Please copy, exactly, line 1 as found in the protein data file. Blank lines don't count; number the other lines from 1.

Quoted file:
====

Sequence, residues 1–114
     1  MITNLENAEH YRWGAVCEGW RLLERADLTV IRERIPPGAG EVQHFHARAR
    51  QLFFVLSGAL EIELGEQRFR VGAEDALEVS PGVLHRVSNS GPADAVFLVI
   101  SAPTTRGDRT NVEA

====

Sequence, residues 1–114